You know that the free version is only okay to use for non-commercial applications, right? Also, it only does 2-sided boards, and the max board size is 4x3.2 inches (100x80 mm) and it only does a single schematic page, no multi-page or hierarchical schematics. Don't get me wrong; I'm very productive in Eagle, and it was the first program I recommended up above, but I think it's important to call out the limitations.

After reading the other recommendations in this thread, I've taught myself KiCAD, which seems to be the best free linux-compatible schematic-and-PCB tool you can find. It also runs on Windows and MacOSX. It does any number of schematics, it does hierarchy, it does any number of layers and any size board, and you can use it for things you sell or otherwise utilize commercially. If you need anything beyond the limitations of free Eagle, you have the option of paying > $600, or re-training on KiCAD or something similar. You might as well start training on KiCAD from the beginning :-)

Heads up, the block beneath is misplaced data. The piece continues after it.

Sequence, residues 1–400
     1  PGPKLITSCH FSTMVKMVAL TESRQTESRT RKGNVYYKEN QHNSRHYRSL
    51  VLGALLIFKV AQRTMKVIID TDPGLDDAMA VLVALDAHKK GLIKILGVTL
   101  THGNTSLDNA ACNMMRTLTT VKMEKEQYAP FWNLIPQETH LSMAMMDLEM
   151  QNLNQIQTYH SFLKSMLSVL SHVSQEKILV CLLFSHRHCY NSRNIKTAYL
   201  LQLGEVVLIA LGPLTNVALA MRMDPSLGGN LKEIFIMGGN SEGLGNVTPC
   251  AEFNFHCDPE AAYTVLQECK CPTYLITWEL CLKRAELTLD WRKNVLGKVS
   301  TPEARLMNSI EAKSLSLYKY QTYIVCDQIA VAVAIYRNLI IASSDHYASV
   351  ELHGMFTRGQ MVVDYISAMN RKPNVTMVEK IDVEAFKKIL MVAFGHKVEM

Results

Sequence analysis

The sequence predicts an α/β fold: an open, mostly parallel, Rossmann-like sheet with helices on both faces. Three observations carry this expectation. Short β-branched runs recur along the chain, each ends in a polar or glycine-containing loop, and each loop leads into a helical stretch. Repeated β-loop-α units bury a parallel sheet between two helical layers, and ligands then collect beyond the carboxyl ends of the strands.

Free but not free or “I’m off to Cancun”

You wake up and the sun is shining. Yep, it’s a great day. “I fancy a bit of that electronic designing that I keep hearing about” you proclaim as you drink your first coffee of the day.

So you power up the laptop, click on Google and wow loads of free PCB design software, “I’ll have a bit of that” you announce to the world, but only the cat is in the room. The cat gives you a funny look.

You download the freebie feeling well pleased with your mastery of the internet and the bundles of cash you have just saved. You make a mental note to “book vacation in Cancun”.

You start up the software and off you go, Edison “eat your heart out”.